A Simple Example
Imagine a town where the baker made twelve loaves of bread a week. Ten of the loaves were sold each week to ten workers from the town factory who earned four dollars per week each. They all felt they were paying a fair price and happily paid it.
The town happened to be located in a district with a very unpopular governor who was up for reelection. The governor decided he would give all the factory workers a raise by printing more money and giving each factory worker eight dollars a week instead of four dollars. The factory workers were thrilled. For several weeks, they made eight dollars a week but still paid one dollar for bread.
The baker learned that the factory workers were now making twice as much so he figured he deserved a raise as well. He doubled the price for a loaf of bread to two dollars. Each worker now paid two dollars for the same loaf that used to cost one dollar, but they were not bothered because they still paid the same proportion of their income for a loaf of bread.
Not everyone worked at the factory. Two of the loaves were sold to farm families who did not get the governor’s raise. That same two dollar loaf of bread now took up half of their income. Needless to say, giving money to the factory workers resulted in the farmers being seriously hurt economically.
Understanding the Money Supply
When the government prints more money (increases the money supply) the relative market value of goods does not change. That loaf of bread still holds the market value of 25 percent of the workers wage, but for those on a fixed income the resulting increase amounted to 50 percent of the farmer’s earnings.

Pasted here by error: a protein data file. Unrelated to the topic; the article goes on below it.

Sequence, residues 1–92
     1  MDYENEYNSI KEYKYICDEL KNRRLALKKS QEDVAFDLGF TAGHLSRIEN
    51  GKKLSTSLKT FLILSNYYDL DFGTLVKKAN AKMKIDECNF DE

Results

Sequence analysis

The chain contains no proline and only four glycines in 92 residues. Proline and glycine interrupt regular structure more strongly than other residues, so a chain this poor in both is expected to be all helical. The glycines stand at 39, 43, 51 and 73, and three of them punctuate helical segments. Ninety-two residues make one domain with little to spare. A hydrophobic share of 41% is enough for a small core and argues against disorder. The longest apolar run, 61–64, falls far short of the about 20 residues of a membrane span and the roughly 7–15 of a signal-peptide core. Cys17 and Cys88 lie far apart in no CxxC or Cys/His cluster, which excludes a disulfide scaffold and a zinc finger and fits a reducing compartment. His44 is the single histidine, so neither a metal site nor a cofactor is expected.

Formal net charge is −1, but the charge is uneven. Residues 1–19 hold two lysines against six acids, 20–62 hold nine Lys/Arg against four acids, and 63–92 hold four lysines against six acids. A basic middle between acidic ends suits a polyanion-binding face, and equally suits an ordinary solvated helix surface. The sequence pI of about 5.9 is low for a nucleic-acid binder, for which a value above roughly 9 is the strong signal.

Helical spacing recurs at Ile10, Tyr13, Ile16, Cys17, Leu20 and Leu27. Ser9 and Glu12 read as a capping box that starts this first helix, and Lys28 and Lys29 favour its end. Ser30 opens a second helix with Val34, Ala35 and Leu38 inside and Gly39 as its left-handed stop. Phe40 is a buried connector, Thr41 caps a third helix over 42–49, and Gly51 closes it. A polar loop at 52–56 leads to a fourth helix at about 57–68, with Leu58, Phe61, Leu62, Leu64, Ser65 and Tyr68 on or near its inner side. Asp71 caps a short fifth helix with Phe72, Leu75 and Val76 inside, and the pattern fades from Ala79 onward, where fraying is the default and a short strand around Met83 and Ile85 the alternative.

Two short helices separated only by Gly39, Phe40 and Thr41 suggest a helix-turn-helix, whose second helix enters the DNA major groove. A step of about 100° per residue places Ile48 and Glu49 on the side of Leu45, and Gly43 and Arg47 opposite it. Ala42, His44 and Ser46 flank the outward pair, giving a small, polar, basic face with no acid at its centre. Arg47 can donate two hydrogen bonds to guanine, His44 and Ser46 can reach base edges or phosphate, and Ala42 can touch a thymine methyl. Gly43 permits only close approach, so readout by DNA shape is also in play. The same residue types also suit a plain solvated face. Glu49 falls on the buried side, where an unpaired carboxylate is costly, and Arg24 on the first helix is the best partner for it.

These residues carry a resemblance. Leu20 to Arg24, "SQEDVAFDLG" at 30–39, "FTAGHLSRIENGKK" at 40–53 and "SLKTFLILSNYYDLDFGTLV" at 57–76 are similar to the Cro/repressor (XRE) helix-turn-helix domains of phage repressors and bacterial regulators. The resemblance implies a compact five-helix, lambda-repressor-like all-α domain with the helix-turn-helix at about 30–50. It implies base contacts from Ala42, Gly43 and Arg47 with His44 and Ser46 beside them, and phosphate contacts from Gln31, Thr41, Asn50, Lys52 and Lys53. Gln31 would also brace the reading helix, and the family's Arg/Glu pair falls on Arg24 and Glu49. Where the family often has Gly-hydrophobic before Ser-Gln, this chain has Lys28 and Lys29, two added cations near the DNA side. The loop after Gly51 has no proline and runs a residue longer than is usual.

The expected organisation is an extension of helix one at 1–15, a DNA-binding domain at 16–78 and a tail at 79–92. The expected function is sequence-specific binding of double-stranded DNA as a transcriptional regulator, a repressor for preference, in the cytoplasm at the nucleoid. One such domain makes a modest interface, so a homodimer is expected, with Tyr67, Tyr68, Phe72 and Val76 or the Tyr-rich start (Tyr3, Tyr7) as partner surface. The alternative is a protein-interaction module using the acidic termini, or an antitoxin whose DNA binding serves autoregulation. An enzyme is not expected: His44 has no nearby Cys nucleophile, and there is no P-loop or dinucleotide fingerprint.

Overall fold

This is a simple example. When Congress overspends and dumps more money into the economy, the value of goods and services remains the same to the overall relative money supply. In the short term, it just seems like progress. If you rented apartments and you saw everyone getting a raise, wouldn’t you increase the rent so that you got a raise as well? This is a concept that the progressive left does not understand.
As a result of fighting the recession caused by the COVID pandemic, the U.S. government has flooded the American economy with a historic amount of U.S. dollars created through trillion dollar stimulus programs. The growth rate of all the dollars in circulation soared a historic record 27 percent in 2020-2021. That is the biggest jump in the money supply in America’s history. That is bigger than the Financial Crisis of 2007-2008 (10%), bigger than World War II (18%), and bigger than FDR’s stimulus to fight the Great Depression (10%). Combined with over regulation in key sectors like energy, the result is out of control inflation that will likely get worse. Unfortunately, any further stimulus or, government deficit spending, can only make matters worse.
Americans Must Vote for Change
The important things that voters must realize is that every penny our government spends at this point won’t improve the situation. Yes, the sectors who receive all the free money will be thrilled. Americans at the bottom, who’s income is relatively fixed will suffer more and more with every new dollar created. The progressive left is forcing greater poverty on the most impoverished and neutralizing any progress made by the middle class. It is time to vote for sound fiscal policies and not for feel good giveaways.